In a park in Tottenham is a fine piece of Victorian engineering and an important piece of London's sewerage history. Markfield Beam Engine may not be a 'cathedral of sewage', but could perhaps be considered a significant temple! After a long restoration process, it displays its full glory once more.
Although far from the Thames, Tottenham shared the sewage problems of the central metropolis. This outlying town had grown rapidly in the mid-nineteenth century, and many homes' sewage discharged directly into its rivers, the Moselle and Lea. Thus the local board built the Markfield Road sewage works, which were run by a manure manufacturer. However, when the contractor died in 1858, the foul water ran into the Lea instead. In 1866, the resulting pollution was alleged to have killed nearly 4,000 people in a cholera outbreak by contaminating the Lea, a major source of East London's water.
Improvements gradually followed, including appointment of a new contractor for the sewage plant, and the addition of the beam engine in 1886. From the end of the century, sewage went to Hackney's Northern High Level Sewer; Markfield Road was thus used only to deal with storm water until its closure in 1964.
The 100-horsepower engine is massive: a 27-foot, cast-iron flywheel standing 17 feet above floor level and a 21-foot, wrought-iron beam operate two plunger pumps. These were each capable of moving two million gallons a day. In true Victorian style, the machinery is ornate, with eight fluted cast-iron columns and decorative acanthus leaves. The engine's base and cast-iron columns ensure that it is independent of the building it stands in, not relying upon the surrounding walls for support.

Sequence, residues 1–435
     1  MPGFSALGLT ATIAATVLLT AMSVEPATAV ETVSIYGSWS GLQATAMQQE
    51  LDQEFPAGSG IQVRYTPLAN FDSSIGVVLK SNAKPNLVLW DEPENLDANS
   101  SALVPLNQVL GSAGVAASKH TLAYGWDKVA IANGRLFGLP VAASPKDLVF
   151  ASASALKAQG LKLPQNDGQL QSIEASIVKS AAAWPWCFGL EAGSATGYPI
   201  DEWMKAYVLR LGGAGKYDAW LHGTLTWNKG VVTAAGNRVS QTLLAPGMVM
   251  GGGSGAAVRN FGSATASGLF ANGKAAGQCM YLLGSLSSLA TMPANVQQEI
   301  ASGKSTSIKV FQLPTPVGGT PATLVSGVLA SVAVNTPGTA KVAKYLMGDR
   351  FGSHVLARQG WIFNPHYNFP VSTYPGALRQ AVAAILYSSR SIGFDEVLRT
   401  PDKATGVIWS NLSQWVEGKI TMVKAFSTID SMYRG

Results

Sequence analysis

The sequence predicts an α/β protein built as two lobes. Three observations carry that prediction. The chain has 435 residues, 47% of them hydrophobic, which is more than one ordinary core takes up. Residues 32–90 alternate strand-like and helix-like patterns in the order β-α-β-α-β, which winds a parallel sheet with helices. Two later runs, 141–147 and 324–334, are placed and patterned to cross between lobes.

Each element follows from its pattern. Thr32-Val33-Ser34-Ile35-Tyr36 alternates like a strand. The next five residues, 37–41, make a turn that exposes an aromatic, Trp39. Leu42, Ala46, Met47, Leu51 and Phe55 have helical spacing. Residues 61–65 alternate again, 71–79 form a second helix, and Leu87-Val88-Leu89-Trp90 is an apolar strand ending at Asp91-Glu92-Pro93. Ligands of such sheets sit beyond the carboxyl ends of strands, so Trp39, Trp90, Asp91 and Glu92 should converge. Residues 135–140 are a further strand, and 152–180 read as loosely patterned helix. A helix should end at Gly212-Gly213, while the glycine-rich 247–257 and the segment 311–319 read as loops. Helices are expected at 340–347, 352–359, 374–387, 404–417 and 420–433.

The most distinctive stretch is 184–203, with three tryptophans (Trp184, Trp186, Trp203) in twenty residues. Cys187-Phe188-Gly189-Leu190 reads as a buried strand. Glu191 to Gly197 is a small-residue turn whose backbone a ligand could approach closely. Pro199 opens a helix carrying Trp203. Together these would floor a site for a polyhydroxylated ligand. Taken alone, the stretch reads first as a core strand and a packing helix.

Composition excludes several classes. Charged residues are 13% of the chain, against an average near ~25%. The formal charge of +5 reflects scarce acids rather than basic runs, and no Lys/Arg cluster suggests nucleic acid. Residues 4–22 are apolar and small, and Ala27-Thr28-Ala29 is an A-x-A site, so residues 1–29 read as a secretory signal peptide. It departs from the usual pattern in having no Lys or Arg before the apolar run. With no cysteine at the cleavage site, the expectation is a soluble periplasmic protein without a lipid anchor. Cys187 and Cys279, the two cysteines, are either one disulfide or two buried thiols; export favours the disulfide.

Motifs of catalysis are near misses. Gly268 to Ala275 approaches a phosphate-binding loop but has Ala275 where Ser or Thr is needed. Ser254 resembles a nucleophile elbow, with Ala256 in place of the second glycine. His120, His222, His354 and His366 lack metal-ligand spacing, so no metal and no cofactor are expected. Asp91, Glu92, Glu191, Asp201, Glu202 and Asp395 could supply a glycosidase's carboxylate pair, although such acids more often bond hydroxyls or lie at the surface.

It was manufactured by Wood Brothers of Sowerby Bridge. This company had been founded in 1847 to engage in cotton-spinning and engineering; a few years later, the two activities were separated, with Richard Wood taking over the engineering work and his brother John the cotton-spinning. Markfield's is believed to be the last engine they produced.
Massive and powerful as it was, the beam engine required plenty of resources to keep it running. Its coal consumption was four hundredweight per hour, and two driver/mechanics lived in tied cottages onsite. Its operation is no trivial matter, then, so we're especially fortunate to be able to see it in steam on the regular steam days. There are two left for this year, on 17 and 18 September (Open House weekend).